1. The only question in this appeal is one of limitation, as we agree with the learned First Class Subordinate Judge of Ahmedabad that on the merits there is no defence. The facts are these : On April 14, 1924, the appellant advanced a sum of Rs. 11,000 to Jamnadas and Ranchhod on a mortgage of their property. The mortgage bond provided that the loan was to be recovered out of the mortgaged property and the deficiency, if any, was to be made good by the mortgagors personally as well as out of their other property. In consideration of the loan made to the mortgagors the respondent stood surety for the repayment of the principal and interest under a shah jog chitti admittedly passed by him in favour of the appellant. The chitti was missing, but there is no doubt, as found by the Court below, that the respondent was to make good the amount which may remain unpaid by the mortgagors to the appellant with interest thereon. To protect himself the respondent obtained a mortgage from Jamnadas and Ranchhod on August 6, 1924 (exhibit 28). After the due date of repayment of the amount had expired, the appellant demanded the amount due from the mortgagors, and in default of their compliance, on April 13, 1927, he brought a suit, being No. 500 of 1927, against the mortgagors and the respondent. It is clear from the plaint that he claimed to recover the whole amount with interest due thereon from the mortgagors by sale of the mortgaged property, and from the respondent under the chitti. The respondent put in a written statement by which he contended that no cause of action had accrued against him. This defence was repelled by the Court and on May 21, 1928, the Court passed the usual preliminary mortgage decree for sale for Rs. 12,999 with interest, and in default of payment the property was ordered to be sold, and if the proceeds of the sale were insufficient to pay the amount in full, it was declared that the plaintiff was entitled to a personal decree against all the defendants, including the respondent. The respondent preferred an appeal from this decree to this Court. During the pendency of the appeal, no payment having been made in accordance with the preliminary decree, on an application of the decree-holder, the trial Court on December 14, 1928, passed a decree absolute for sale. After the decree absolute was made, the appellant filed a darkhast, being darkhast No. 1305 of 1928, for sale of the mortgaged property. The darkhast was executed, the property sold and the sale was confirmed on January 4, 1930. Sale proceeds amounting to Rs. 5,942 were paid to the appellant on January 6, 1930. According to the appellant, after giving credit for that amount to the mortgagors, a sum of Rs. 11,390-8-0 still remained due at the foot of the mortgage, and accordingly, the appellant, on January 18, 1930, applied for a personal decree against the mortgagors and also against the respondent, and a personal decree was made on June 14, 1930. The respondent preferred an appeal from this personal decree to this Court. After the personal decree was made, the appellant filed darkhast No. 400 of 1930 for executing it, process was issued, and the respondent paid Rs. 11,783-8-6, by two payments, the first payment being made on June 18, 1930, and the second on June 25, 1930, and it is clear that on that day, that is, on June 25, 1930, the appellant's claim was fully satisfied by these payments. The two appeals preferred by the respondent came on for hearing in 1934 and were heard together. It was held by this Court that suit No. 500 of 1927, so far as it was directed against the respondent, was premature and that at the date of the suit no liability as against respondent No. 1 had accrued. On that ground both the appeals were allowed and) the plaintiff's suit as against the respondent was dismissed. After the High Court decision, the respondent put in an application on August 16, 1934, under Section 144 of the Civil Procedure Code for restitution, and applied for a warrant against the appellant, and a warrant was issued. The appellant thereupon preferred an appeal from that order to this Court, and with that application brought in the whole amount which he had received from the respondent in June, 1930, into Court. This, we are told, happened some time about August 20, 1934. Immediately after this the appellant, on August 30, 1934, instituted the suit which has given rise to this appeal against the respondent, basing his claim on the fact that he had not received the whole of the amount due at the foot of the mortgage from the mortgagors and also upon the shah jog chitti passed by the respondent in his favour. He also, on September 3, 1934, put in a reply to the application for restitution. The appeal preferred by him against the issue of the warrant was disposed of by this Court on October 5, 1934, when it was held that the lower Court had no jurisdiction to issue the warrant. The warrant was set aside and the monies which were then, as I have stated, deposited in Court were ordered to be paid to the appellant. On January 5, 1935, the appellant put in an application stating that; the respondent's application under Section 144 and this suit, which was then pending, should be heard together. This application was opposed by the respondent and rejected by the Judge. So, on January 23, 1935, the appellant brought in the whole amount into Court along with his application, by which he stated that the amount should be kept in Court till the decision of the dispute raised by him in his reply to the application for: restitution, so that, after the right to recover these monies was determined, the amount may be ordered to be paid over to the proper party. The suit was decided on February 18, 1935, and it was dismissed on the ground that the claim in the suit was extinguished by lapse of time. To complete the narrative it may be stated that the respondent, on March 5, 1935, took away the monies which were lying in Court.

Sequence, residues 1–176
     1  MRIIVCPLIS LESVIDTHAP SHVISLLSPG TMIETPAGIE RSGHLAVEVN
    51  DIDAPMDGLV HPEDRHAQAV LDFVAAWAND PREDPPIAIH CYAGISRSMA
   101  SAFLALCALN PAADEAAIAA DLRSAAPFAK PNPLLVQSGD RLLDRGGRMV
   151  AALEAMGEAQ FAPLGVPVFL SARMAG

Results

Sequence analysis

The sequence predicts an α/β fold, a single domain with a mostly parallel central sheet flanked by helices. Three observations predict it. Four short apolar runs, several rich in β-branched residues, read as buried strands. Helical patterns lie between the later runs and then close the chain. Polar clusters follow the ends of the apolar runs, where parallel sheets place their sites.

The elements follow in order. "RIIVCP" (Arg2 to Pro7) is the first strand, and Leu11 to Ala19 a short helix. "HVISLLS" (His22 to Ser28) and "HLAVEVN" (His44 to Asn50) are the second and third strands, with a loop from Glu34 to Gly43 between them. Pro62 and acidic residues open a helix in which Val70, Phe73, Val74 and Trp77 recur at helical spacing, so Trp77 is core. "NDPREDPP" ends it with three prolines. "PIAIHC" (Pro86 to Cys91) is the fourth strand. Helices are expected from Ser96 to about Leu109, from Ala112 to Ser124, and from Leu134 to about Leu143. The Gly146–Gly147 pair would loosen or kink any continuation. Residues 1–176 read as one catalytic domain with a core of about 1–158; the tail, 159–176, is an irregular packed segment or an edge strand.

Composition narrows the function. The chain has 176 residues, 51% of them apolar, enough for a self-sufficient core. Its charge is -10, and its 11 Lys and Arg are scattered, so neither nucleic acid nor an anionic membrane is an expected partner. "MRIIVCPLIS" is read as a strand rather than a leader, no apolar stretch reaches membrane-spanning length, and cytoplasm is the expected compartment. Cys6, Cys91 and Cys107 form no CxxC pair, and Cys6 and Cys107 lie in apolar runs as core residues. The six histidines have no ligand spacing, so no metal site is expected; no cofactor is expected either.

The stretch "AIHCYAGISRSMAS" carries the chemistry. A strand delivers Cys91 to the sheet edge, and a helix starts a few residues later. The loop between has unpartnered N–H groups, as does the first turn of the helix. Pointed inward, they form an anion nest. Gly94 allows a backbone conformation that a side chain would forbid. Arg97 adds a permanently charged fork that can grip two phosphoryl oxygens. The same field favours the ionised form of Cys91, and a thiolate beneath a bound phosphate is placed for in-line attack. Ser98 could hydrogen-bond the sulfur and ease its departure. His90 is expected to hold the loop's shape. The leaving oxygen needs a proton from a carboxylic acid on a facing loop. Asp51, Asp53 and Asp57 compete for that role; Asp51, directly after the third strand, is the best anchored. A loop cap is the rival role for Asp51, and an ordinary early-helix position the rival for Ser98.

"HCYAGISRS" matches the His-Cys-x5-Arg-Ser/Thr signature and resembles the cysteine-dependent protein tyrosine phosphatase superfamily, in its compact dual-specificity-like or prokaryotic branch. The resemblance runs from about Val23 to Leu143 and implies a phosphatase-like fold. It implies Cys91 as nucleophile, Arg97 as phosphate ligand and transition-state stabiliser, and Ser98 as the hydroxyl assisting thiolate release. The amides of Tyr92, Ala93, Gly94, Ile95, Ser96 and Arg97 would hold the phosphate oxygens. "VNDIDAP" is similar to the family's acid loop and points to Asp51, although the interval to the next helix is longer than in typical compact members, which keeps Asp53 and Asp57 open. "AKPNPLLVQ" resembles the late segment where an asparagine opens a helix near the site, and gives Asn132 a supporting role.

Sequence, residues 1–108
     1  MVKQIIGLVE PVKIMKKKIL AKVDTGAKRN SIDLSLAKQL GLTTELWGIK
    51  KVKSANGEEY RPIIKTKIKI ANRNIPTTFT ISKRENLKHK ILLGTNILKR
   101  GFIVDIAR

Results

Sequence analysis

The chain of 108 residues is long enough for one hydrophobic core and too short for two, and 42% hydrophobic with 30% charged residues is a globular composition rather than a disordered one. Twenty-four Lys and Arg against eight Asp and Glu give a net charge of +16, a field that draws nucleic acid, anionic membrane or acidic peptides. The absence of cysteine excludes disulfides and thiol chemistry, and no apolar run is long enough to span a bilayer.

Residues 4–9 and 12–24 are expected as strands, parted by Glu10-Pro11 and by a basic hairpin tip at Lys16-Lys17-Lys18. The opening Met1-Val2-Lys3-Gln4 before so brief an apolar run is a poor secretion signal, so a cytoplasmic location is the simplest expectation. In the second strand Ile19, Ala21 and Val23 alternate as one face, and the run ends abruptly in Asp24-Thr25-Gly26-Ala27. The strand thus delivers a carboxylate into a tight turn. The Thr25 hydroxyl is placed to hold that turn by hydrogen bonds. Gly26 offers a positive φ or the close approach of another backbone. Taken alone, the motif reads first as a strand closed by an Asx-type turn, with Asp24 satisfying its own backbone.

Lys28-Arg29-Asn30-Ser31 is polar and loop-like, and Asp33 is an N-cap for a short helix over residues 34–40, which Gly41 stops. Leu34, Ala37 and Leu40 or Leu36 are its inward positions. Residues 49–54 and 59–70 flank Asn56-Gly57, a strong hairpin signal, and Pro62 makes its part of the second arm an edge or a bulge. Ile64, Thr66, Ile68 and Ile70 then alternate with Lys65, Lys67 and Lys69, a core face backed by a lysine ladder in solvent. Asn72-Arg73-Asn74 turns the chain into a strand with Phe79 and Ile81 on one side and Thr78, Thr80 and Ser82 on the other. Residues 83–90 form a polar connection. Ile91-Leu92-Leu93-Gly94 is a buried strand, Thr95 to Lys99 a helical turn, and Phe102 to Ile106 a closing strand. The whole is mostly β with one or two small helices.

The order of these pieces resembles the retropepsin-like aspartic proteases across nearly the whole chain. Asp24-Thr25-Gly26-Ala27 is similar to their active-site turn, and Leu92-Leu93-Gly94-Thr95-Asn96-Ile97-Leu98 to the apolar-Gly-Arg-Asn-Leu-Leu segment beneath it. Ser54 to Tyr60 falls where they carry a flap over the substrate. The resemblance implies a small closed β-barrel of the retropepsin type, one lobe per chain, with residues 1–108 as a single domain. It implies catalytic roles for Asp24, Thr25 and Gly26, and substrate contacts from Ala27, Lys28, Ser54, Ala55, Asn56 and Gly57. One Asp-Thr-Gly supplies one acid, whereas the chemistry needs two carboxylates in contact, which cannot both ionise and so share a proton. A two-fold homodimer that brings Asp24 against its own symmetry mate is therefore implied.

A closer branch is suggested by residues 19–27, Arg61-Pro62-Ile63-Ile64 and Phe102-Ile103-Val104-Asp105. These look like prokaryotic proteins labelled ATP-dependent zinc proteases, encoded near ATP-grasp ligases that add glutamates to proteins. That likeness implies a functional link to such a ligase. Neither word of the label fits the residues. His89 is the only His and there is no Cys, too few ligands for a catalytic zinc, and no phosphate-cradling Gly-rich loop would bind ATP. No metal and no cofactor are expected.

2. It is common ground, and it was so held by this Court, that the cause of action, or rather the right to sue the defendant under the chitti for the deficiency resulting after the sale of the mortgaged property accrued on January 4, 1930. The suit was filed on August 30, 1934. So that, prima facie, the suit would be barred, unless the plaintiff succeeded in establishing the grounds of exemption relied upon by him in his plaint. The learned Judge was of the opinion that any of the three articles, namely, arts. 65, 83 and 115, would be applicable to the facts of this case, and whichever article applied, the suit would be barred by limitation unless the grounds of exemption relied upon in the plaint were established. Two of the material grounds were (1) that Section 14 of the Indian Limitation Act would apply ; and (2) that by reason of the facts, to which I have referred, the plaintiff's case comes within the principle laid down by their Lordships of the Privy Council in several decisions to the effect that where a claim is satisfied and that satisfaction is subsequently annulled by a decree, a fresh cause of action will accrue in favour of the claimant or would entitle him to deduction of the time occupied in the previous litigation. It seems to me that on the facts of this case the question of limitation must be governed by Article 83, and the question in the case is, when did time begin to run against the appellant in the circumstances of this case. The terminus a quo of that article is when the plaintiff is actually damnified.